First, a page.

The Iraqi government is betting on international assistance to rebuild the devastated city of Mosul and ease the humanitarian crisis facing residents.
The city was liberated from ISIS last week after months of military operations.
Iraqi envoy to Kenya Dr Zaid Noori has indicated that just as local and international cooperation was decisive in dislodging ISIS militants from Iraq’s second larges city, the same cooperation is vital in rebuilding Mosul and restoring essential services to residents.
“Iraq has made major sacrifices on behalf of humanity in fighting ISIS which is a grave threat not only to Iraq but to the world.
Our victory in Mosul is a victory for the whole world,” he said in Nairobi, during a ceremony to mark to recapturing of the city from ISIS.
According to experts, it is estimated that billions of dollars are needed to rebuild vital infrastructure including hospitals, homes and schools for least 3 million residents, most of whom were displaced after the ISIS takeover in mid 2014.
The nine-month military operation to root out ISIS left the historical city in utter ruins as thousands of Iraqi forces took on the militants while trying to avoid casualties among the estimated 1 million civilians who were still trapped there. “A major international donors’ conference to pledge funding for Mosul’s reconstruction is expected in the coming weeks. We hope that enough funds will be raised by the international community,” the envoy said.
The diplomat also called for continued international cooperation in tackling international terrorism including their financiers and sympathisers across the globe.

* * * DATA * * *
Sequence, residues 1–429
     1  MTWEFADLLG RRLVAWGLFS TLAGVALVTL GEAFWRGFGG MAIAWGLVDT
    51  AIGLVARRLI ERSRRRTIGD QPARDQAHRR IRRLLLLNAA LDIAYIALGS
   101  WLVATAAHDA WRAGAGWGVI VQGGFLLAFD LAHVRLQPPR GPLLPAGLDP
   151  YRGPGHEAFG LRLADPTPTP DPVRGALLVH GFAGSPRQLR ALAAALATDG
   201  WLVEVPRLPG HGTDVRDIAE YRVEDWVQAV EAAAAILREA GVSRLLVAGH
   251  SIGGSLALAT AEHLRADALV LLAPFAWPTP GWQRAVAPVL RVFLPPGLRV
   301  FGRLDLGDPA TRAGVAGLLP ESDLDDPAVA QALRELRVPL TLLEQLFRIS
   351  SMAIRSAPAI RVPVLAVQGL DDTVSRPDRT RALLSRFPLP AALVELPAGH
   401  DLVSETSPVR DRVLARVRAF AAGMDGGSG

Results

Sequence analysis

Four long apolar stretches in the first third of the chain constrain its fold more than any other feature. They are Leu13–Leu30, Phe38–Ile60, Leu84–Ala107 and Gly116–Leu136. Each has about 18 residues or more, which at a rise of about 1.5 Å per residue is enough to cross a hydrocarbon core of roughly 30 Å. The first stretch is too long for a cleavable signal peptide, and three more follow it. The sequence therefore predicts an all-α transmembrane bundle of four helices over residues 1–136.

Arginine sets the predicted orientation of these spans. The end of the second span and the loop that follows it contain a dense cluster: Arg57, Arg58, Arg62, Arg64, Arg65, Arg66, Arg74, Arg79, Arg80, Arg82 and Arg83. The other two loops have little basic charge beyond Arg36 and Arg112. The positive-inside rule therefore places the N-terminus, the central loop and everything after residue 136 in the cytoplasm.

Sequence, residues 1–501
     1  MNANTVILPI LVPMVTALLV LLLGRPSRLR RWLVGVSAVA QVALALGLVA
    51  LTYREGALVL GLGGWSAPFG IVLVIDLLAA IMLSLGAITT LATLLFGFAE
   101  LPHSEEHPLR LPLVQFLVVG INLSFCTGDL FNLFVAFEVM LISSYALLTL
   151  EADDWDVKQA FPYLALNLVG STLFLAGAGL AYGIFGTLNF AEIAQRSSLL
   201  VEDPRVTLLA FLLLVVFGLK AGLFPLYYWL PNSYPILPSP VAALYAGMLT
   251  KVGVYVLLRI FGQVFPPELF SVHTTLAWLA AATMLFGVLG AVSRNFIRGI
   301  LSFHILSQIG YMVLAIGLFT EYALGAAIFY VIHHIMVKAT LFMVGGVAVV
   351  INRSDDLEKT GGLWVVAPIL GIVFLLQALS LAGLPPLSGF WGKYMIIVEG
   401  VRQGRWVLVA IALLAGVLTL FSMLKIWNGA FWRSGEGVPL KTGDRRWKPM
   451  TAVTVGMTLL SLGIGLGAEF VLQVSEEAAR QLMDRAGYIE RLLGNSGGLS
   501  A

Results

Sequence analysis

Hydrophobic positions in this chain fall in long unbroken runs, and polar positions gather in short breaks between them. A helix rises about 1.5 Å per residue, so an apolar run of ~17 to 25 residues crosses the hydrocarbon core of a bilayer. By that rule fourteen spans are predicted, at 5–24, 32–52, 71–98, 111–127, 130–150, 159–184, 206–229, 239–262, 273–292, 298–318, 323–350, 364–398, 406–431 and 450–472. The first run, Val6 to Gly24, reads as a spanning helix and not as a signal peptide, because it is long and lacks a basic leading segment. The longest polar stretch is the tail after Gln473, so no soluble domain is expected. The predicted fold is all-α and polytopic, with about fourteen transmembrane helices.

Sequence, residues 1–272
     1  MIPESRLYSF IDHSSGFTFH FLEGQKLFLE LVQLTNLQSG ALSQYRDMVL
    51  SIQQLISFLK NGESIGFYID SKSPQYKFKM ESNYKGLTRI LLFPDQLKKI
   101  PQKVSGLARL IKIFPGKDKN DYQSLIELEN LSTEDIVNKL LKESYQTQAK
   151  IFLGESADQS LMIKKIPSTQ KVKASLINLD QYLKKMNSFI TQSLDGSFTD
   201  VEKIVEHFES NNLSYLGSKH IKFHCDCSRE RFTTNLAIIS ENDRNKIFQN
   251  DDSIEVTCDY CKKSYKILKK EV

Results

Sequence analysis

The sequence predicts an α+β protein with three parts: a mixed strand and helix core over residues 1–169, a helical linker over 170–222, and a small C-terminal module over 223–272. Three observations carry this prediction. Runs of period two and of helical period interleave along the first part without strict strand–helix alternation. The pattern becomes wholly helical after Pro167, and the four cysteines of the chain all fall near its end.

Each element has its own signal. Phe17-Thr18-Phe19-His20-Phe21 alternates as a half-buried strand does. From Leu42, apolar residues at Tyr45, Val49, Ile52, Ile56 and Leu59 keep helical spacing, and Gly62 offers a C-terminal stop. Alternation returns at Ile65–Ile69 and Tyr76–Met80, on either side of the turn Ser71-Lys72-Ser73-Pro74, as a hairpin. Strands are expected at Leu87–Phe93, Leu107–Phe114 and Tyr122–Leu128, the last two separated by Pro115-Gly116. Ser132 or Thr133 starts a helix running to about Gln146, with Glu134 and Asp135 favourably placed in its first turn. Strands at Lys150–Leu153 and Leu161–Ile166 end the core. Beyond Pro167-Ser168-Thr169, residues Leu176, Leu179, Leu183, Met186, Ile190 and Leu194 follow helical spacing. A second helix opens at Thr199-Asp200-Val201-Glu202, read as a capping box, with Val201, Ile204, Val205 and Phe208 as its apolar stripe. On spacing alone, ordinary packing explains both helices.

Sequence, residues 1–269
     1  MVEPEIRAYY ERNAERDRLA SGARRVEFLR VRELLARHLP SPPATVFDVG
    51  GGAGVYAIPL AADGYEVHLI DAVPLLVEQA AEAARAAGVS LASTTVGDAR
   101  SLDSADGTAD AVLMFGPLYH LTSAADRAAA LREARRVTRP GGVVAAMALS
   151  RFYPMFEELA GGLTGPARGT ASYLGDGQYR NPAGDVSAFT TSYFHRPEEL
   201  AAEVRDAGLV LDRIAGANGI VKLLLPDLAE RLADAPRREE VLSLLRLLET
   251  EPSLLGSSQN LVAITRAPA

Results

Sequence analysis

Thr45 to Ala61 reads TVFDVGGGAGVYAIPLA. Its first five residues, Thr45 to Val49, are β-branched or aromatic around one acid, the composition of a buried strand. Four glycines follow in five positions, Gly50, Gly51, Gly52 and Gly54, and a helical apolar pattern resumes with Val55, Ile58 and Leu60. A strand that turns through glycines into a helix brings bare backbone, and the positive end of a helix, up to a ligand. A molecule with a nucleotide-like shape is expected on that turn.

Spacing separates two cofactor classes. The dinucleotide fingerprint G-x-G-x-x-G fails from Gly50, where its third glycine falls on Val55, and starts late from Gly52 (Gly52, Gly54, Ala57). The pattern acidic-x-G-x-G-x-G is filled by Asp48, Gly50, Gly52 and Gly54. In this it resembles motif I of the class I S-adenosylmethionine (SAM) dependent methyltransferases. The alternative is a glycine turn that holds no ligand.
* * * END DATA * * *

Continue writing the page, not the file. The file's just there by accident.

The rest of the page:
He said the defeat of ISIS in Mosul does not signify an end to the war of terror in the country and the region.
“ISIS has been vanquished in Mosul and denied a safe haven for recruitment, training and fundraising, but they still pose a grave danger to Iraq and the world.
That is why international cooperation against terrorism should be deepened,” he said.
Iraqi forces are still battling ISIS militants in some pockets of Northern Iraq where they are still holding out in at least five small towns.
Reconstruction and stability
Many sympathisers of the groups are believed to be in Iraq and beyond and may be planning attacks. The envoy also called for international support in recovering the huge amounts of Iraqi historical and cultural artefacts that were plundered by ISIS in Mosul and smuggled out of the country for sale in the lucrative black markets. Some of the artefacts are more than a thousand years old. Much of the old city of Mosul that contained historical buildings now lie in ruins.
“So far, cooperation has been good since we receive at least 10 to 15 artefacts from abroad almost every week.
Some artefacts were found as far as Latin America. We hope that cooperation will be enhanced to accelerate their return and preservation,” he said.
On the 10th of July 2017, Iraqi Prime minister, Dr Haider Al-Abbadi, who is also the chief of armed forces, officially announced from the heart of Mosul the victory against ISIS. “We have a mission ahead of us, which is reconstruction and stability. To achieve that mission, we need to be united as we were united during the fight. Victory was granted to us by the Lord Almighty,” he said.
Iraqi foreign minister Dr Ibrahim Al-Eshaiker Al-Jaafari said that victory against ISIS in Mosul would not be complete until the millions of people who were displaced from the city return to their home again, live in security and access services.
The envoy said that Iraq is in the process of strengthening its response to terrorism including putting in place appropriate laws, challenging the warped ideology of ISIS, addressing unemployment and vulnerabilities of the youth.